Primaries were pushed back this year due to the delayed census count. As a result, the usual lull between primaries and general elections is smaller, or nearly non-existent in some states, and the political advertising sector will see more consistent spend between now and November. The concentration in advertising will drive up rates on multiple channels, most notably on connected TV.
Political CTV ad spend is projected to hit $1.5 billion this year. CTV presents major opportunities for political advertisers, but pouring more money into the channel means the stakes are higher.
Three things campaigns should keep in mind as they turn up CTV spend are avoiding over-targeting, meeting the requirements that come with placing political ads in premium outlets, and hitting the high standards for TV creative. Here’s what delivering on each of those objectives entails.
Avoid over-targeting your voters.
Facing condensed timelines between primaries and general elections, political marketers must be strategic about audience targeting to get the most out of their ad spend. CTV offers much more precise targeting than traditional TV, but there’s no reason to over-target individuals with long track records of voting for the party of your candidate. It’s a waste to focus GOTV efforts only on people who are already delivering, and miss an opportunity to expand your electorate.
Ad spend can be put to better use reaching the less likely voter, who could actually turn the needle on efforts to increase turnout. So, instead of exclusively targeting voters who have cast a ballot in three or four of the last four elections, ensure a sizable chunk of ad spend is going toward those who voted once or twice. This is the political equivalent of ensuring ads drive incremental sales, not just repeat sales by loyalists.
CTV’s targeting capabilities allow advertisers to send less-frequent voters the messages they need to hear while reserving different creative for the party faithful. By targeting differentiated ads to people who voted in, say, a quarter of the last decade’s elections, political advertisers can focus on wedge issues that will turn out swing voters or mobilizing messages that resonate with young people who often sit out elections.
But with CTV’s audience targeting capabilities comes a cautionary tale: microtargeting can be a rabbithole. In general, the best practice for navigating this relatively new ad space involves applying some long-standing linear strategy to CTV to inform a holistic approach. Just as you want to target some loyalists and some newcomers, campaigns should mix broad linear messaging with microtargeting to achieve the best results.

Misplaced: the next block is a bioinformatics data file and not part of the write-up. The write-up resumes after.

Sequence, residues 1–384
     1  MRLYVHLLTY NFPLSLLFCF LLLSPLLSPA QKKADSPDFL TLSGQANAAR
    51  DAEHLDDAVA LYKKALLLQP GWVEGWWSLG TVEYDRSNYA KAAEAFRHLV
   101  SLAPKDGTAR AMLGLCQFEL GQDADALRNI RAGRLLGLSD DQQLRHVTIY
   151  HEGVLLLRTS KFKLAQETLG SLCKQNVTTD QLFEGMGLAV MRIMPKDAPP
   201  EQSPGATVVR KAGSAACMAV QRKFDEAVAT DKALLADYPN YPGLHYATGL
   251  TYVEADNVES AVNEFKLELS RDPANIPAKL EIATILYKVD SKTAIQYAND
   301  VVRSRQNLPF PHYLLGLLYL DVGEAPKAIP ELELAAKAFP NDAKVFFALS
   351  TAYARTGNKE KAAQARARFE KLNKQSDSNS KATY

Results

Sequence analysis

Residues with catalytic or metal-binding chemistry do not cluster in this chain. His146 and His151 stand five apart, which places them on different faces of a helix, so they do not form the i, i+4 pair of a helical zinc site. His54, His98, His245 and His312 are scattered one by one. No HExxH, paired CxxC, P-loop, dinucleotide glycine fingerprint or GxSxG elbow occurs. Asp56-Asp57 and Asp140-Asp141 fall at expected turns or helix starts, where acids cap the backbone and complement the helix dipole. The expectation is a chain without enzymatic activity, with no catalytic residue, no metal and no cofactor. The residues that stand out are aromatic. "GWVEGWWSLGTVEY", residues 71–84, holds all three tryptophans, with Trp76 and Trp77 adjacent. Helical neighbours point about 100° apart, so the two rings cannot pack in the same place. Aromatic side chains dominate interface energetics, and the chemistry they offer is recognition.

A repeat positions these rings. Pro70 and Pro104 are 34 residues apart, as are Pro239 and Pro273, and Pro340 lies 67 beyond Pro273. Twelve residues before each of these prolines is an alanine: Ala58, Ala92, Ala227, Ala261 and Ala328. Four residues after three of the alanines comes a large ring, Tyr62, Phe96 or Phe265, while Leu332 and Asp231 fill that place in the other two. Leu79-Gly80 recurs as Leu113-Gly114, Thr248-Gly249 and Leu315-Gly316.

Respect the rules of premium publishers.
The nature of political advertising lends itself to strict scrutiny, particularly when it comes to creative. As a tool for persuading the American public, political ads are held to high standards of accuracy and sensitivity. This is especially true among premium publishers, who are hesitant to run ads with inflammatory imagery or language.
For example, premium CTV publishers almost universally reject guns and profanity in ads. There is also some concern about creative being too negative, which some publishers could view as compromising their audiences’ viewing experience. Some have highly subjective policies such as that candidate ads “must not be overly aggressive or ‘put down’ opponents”. Premium CTV publishers made headlines recently when Disney-owned Hulu rejected all political advertising about abortion rights and gun control. The platform reversed its stance, but advertisers would do well to bear in mind this sensitivity.
These standards may also come with special review rules. Political ads often need to be provided to premium publishers for review 24-48 hours in advance of launch. Advertisers should work with this in mind, leaving time for feedback on both sides of that deadline and working to ensure the creative asset they deliver is as aligned with the platform’s guidelines as possible.
Make sure your creative matches the medium.
As CTV advertising explodes, campaigns should remember that content is king. Just because someone is watching streaming content doesn’t mean they expect anything less than the quality of content, even marketing content, that they’re used to seeing on linear television.
While some political advertisers might be tempted to repurpose vertical video from social media for CTV, they should resist the urge to cut corners. Audiences expect professional video on CTV, just as they would on traditional TV, and anything less risks rubbing them the wrong way. The shift to CTV should not incentivize campaigns to scale back on production. Rather, it’s an opportunity to stand out with creative messaging that speaks to the modern viewer, delivered at opportune times along their digital journey.
Grace Briscoe is SVP of Client Development at Basis Technologies where she leads specialized national client teams supporting Candidates + Causes and Publisher Solutions.